The city’s school district is purchasing more than a dozen utility vehicles through a $707,889 lease agreement with a Butler-based auto dealership to replenish some of the aging vehicles in its fleet.
17 4×4 utility vehicles are being purchased from Route 23 Automall, according to a resolution that was approved by the school board on Wednesday March 18th, 2015. School officials said the purchase was necessary because some of the utility vehicles in the district’s fleet are over 20 years old.
School board member Errol Kerr said the district should have been replacing these vehicles as they aged out. “This is something they should have done over the last 10 years,” said Kerr.
12 vehicles were taken out of service because they were “dangerous for our employees to ride in,” said James Smith, district’s director of security. Smith said he was recently put in charge of fleet management only to find a large number of vehicle required replacement.
Smith said the district’s fleet has 74 vehicles of which six were auctioned off due to age and repair cost to the schools. He said some of the utility vehicles were antiquated parts were unavailable at repair time.
“We weren’t getting to use these vehicle,” said Smith. “They weren’t cost effective to repair.”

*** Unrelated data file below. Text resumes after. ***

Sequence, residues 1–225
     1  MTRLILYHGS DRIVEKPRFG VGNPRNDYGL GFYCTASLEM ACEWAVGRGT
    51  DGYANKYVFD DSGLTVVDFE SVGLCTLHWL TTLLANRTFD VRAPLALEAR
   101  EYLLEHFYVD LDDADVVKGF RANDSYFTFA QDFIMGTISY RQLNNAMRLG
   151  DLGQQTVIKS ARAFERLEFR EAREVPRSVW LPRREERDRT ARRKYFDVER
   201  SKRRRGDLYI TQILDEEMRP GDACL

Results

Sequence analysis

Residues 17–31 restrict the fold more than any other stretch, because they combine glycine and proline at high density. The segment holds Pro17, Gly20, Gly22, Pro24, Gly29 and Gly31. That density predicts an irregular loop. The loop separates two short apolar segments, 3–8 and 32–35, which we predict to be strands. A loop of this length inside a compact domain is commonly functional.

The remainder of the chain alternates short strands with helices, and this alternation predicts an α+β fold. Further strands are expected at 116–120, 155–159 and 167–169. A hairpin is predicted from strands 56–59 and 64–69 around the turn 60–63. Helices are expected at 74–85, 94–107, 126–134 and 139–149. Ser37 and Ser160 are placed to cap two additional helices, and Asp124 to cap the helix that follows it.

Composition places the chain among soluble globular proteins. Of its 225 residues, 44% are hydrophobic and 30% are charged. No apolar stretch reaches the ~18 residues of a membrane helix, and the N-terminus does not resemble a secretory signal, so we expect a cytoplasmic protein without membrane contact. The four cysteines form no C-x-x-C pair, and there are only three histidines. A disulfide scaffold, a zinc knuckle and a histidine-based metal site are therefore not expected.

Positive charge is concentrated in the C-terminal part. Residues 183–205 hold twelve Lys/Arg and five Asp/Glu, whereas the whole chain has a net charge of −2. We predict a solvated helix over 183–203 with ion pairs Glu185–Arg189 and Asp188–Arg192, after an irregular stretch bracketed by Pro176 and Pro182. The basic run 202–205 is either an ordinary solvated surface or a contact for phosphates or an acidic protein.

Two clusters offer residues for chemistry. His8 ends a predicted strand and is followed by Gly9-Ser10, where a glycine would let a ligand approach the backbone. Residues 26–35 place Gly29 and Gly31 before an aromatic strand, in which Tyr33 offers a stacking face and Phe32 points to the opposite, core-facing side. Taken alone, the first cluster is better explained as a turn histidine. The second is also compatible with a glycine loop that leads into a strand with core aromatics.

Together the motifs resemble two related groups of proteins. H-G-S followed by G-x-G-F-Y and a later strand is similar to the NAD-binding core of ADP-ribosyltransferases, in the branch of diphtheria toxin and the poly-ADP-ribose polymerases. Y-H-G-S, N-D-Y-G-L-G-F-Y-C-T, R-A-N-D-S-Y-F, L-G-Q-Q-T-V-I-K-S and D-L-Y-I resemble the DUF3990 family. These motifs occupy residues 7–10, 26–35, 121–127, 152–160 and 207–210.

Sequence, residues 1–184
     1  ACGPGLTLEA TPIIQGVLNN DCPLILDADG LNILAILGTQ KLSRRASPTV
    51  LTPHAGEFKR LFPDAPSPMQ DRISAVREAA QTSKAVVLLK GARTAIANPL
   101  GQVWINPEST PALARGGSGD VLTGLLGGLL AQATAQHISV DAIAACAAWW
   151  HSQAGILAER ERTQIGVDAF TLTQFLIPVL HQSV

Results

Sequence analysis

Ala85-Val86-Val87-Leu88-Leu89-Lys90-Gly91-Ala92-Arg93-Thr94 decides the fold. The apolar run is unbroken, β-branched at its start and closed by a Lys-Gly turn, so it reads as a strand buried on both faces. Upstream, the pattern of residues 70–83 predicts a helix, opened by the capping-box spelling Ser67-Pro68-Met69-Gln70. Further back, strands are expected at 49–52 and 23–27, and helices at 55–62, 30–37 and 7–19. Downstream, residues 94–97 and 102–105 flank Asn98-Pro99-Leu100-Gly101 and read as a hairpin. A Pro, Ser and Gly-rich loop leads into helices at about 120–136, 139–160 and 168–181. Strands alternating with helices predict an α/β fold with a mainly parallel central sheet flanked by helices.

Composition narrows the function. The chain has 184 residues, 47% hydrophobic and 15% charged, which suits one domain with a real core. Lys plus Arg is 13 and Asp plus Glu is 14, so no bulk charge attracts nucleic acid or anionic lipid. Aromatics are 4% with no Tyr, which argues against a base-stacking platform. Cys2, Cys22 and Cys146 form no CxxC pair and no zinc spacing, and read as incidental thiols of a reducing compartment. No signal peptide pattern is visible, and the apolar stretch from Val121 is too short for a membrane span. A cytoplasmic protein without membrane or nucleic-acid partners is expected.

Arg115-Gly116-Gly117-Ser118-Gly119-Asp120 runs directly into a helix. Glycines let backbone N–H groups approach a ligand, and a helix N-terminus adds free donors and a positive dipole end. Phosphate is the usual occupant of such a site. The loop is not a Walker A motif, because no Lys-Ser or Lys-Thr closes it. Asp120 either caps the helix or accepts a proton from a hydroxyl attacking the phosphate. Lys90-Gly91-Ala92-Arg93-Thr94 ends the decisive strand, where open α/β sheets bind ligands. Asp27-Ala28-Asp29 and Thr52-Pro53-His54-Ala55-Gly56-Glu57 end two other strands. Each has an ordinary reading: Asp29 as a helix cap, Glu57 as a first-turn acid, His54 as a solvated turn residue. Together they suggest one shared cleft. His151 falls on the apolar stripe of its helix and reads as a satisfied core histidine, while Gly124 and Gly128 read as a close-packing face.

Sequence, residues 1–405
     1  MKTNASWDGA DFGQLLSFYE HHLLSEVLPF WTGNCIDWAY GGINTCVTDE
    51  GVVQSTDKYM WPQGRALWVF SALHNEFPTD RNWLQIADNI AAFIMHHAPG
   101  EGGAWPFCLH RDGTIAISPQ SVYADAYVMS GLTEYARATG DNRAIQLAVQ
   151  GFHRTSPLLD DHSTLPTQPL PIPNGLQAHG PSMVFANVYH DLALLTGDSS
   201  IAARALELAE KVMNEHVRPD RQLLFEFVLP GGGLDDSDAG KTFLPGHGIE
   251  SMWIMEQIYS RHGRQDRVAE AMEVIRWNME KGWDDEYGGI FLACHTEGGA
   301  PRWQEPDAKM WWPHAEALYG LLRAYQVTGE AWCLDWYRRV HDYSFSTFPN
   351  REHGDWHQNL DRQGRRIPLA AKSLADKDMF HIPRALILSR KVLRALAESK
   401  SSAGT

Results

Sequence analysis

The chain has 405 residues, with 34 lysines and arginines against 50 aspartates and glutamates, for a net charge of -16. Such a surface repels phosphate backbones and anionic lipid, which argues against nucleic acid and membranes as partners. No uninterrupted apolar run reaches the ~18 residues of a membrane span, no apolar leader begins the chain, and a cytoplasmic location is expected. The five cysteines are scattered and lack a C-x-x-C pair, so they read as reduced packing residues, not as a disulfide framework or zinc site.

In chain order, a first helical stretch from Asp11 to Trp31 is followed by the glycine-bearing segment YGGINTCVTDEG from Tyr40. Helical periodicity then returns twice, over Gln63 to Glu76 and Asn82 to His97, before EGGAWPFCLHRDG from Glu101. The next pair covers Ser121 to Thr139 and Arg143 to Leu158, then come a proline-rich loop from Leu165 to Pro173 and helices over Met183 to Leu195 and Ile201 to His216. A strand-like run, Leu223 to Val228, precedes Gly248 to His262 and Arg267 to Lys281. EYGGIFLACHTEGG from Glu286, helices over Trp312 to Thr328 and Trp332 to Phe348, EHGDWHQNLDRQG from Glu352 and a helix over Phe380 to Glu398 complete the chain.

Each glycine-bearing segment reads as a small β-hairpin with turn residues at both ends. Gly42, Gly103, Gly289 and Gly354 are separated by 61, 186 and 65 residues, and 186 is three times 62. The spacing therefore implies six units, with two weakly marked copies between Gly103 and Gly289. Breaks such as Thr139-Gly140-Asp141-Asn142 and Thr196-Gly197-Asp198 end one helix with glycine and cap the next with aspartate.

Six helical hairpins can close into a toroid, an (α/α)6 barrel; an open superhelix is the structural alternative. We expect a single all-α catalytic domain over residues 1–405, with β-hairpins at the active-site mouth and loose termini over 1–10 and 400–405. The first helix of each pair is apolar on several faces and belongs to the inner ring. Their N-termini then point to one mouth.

The director said the district will save in repair costs because during the five-year lease period much of the repair will be covered under warranty. “Warranty will cover those vehicles that would have required the district to pay,” he said. “We save from not having to maintain the old vehicles.”
Presently, he said, the district spends exorbitant amount of money to maintain its fleet. Smith said it would using the same funds without incurring additional expenses.
After the lease agreement concludes, Smith said, the district will purchase the vehicles at $1. He said the district is paying the lowest possible price for the utility vehicles – each costing $41,640 — which come equipped with snow plows.
“We got almost the same as the state contract price,” said Smith. “To ensure we got the best price we put the leasing agreement to bid.”
The district ran advertisements in local newspapers to solicit bids. Smith said the Butler-based company came in with the lowest bid.
Smith said in addition to cutting down repair and vehicle maintenance costs, the district will have better response time for building repairs and improve snow plowing capacity at public school facilities.